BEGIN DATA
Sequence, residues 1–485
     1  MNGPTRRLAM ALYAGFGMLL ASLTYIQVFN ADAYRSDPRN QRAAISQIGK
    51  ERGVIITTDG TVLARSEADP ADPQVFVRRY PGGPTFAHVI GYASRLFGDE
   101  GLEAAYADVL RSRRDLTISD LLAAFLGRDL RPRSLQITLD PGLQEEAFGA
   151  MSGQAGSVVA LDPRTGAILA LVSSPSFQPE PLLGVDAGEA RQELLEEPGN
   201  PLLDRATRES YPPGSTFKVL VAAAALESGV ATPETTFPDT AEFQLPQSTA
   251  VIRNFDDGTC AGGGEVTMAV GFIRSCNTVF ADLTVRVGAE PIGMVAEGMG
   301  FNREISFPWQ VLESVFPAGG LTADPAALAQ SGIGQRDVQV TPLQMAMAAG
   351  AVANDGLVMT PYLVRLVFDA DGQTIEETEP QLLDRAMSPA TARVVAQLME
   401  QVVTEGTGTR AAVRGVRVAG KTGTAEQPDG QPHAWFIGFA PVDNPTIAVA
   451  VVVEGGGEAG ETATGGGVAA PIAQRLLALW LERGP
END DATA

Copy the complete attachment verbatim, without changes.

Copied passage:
Sequence, residues 1–485
     1  MNGPTRRLAM ALYAGFGMLL ASLTYIQVFN ADAYRSDPRN QRAAISQIGK
    51  ERGVIITTDG TVLARSEADP ADPQVFVRRY PGGPTFAHVI GYASRLFGDE
   101  GLEAAYADVL RSRRDLTISD LLAAFLGRDL RPRSLQITLD PGLQEEAFGA
   151  MSGQAGSVVA LDPRTGAILA LVSSPSFQPE PLLGVDAGEA RQELLEEPGN
   201  PLLDRATRES YPPGSTFKVL VAAAALESGV ATPETTFPDT AEFQLPQSTA
   251  VIRNFDDGTC AGGGEVTMAV GFIRSCNTVF ADLTVRVGAE PIGMVAEGMG
   301  FNREISFPWQ VLESVFPAGG LTADPAALAQ SGIGQRDVQV TPLQMAMAAG
   351  AVANDGLVMT PYLVRLVFDA DGQTIEETEP QLLDRAMSPA TARVVAQLME
   401  QVVTEGTGTR AAVRGVRVAG KTGTAEQPDG QPHAWFIGFA PVDNPTIAVA
   451  VVVEGGGEAG ETATGGGVAA PIAQRLLALW LERGP